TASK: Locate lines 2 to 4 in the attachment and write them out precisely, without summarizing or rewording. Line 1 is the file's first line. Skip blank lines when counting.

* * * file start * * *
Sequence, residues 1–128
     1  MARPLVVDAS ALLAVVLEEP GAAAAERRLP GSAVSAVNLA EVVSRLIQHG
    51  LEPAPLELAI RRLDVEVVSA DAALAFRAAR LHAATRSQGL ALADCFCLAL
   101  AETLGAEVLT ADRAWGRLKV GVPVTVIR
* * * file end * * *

     1  MARPLVVDAS ALLAVVLEEP GAAAAERRLP GSAVSAVNLA EVVSRLIQHG
    51  LEPAPLELAI RRLDVEVVSA DAALAFRAAR LHAATRSQGL ALADCFCLAL
   101  AETLGAEVLT ADRAWGRLKV GVPVTVIR